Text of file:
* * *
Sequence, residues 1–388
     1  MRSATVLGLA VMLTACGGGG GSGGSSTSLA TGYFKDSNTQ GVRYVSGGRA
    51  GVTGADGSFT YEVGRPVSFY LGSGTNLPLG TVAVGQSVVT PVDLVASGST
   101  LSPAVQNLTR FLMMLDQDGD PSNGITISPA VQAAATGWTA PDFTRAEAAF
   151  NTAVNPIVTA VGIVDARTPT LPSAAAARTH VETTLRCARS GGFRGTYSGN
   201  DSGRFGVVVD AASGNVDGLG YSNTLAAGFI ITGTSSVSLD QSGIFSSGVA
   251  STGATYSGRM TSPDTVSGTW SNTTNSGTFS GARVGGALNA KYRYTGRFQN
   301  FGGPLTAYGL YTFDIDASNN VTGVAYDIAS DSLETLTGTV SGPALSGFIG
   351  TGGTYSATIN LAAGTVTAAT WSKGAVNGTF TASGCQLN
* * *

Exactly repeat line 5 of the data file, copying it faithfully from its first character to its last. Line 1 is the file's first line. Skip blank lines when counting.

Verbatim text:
   151  NTAVNPIVTA VGIVDARTPT LPSAAAARTH VETTLRCARS GGFRGTYSGN